A few questions and not many answers:
o How far in the 'future' are the 3DMark2003 games set? 3DMark2001 lasted for 2 years or so, so perhaps those are like games we might play in 2004 or 5?
o Would game programmers write code and graphics programs like those in 3dm2k3? Or is that code an inefficient use of hardware. Hey, the nature scene is pretty, but full 3d grass with poor LODing? What about the rest of the world, beyond those few meters in front?
o Will future games use relatively less CPU time, or will they be like 3dm2k3, only way slower, cause they hog the CPU as well?
o How much influence did ATI have, since they bought the highest level of partnership with Futuremark? (Don't even think of responding to this please.) Eg. All you have to know is that your theoretical vertex processing is 20% better than the competition, and make a scene with simple, but high vertex count to look smarter.
o nVidia's touted strength all before and through the GeforceFX launch was 'long, complex shaders, both pixel and vertex', yet we havn't seen shaders that do anything more than be more efficient versions of DX8 level code. Perhaps developers (including Futuremark) can't think of anything to do with this feature. Related example: So we can now mix 8 textures together, 1 diffuse, 1 bump, 1 lut, 1 something, so feature goes to waste cause no one is showing off its potential. At least you could render 8 layers of 'fur' in one pass. Don't think I saw any fur in 3dm2k3.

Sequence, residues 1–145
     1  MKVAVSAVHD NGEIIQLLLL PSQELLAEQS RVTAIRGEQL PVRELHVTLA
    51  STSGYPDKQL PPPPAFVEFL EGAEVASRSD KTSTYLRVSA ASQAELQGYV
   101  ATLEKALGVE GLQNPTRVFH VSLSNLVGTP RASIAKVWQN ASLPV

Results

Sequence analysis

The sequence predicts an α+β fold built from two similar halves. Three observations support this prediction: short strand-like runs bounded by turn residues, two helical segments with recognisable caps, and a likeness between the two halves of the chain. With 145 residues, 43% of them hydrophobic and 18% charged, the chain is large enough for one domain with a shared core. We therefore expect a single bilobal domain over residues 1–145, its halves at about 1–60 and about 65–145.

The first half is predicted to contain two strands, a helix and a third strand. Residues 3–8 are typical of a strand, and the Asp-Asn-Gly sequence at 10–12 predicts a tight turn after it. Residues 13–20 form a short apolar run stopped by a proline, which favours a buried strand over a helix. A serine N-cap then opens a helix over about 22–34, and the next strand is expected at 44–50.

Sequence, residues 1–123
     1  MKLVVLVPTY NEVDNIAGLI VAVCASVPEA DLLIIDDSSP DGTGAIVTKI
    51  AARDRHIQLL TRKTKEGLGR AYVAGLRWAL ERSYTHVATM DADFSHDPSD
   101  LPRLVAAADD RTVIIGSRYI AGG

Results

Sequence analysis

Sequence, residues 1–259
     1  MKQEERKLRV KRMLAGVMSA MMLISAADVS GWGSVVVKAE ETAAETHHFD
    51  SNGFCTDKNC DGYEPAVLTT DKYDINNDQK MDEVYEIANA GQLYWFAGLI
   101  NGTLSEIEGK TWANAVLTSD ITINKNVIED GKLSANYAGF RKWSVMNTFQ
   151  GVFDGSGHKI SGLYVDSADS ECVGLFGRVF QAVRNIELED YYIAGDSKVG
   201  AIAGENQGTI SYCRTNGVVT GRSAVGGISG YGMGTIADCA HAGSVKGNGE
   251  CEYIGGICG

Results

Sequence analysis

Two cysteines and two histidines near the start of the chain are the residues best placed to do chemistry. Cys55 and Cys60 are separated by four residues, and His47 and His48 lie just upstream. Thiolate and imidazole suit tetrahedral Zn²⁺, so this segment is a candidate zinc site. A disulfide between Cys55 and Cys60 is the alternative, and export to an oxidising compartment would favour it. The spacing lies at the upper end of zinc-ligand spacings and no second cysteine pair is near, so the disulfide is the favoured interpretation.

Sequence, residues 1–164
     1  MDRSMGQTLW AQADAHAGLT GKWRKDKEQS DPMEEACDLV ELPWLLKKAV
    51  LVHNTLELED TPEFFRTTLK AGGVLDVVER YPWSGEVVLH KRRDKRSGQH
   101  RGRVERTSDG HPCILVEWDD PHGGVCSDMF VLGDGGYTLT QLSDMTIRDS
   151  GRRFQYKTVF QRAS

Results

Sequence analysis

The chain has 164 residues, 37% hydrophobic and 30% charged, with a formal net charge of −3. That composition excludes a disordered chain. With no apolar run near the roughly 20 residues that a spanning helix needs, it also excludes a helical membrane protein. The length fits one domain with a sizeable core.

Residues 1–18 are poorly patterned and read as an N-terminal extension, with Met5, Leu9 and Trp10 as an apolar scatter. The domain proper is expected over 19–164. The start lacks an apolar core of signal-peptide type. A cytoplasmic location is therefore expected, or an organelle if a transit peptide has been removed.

What is a bit embarassing for our beloved friend nVidia is that the competition is regularly beating them in current AND future benchmarks. Maybe we need to see benchmarks that show off the strength of nVidia product, if that is possible. The hidden surface removal feature of the Kyro, the displacement mapping of the Matrox, and the Trueform of the ATI were great features that (to varying degrees) really didn't mean much at all.
That was quite a long rant for me, since I'm downloading some drivers and really should be going to bed. Night all.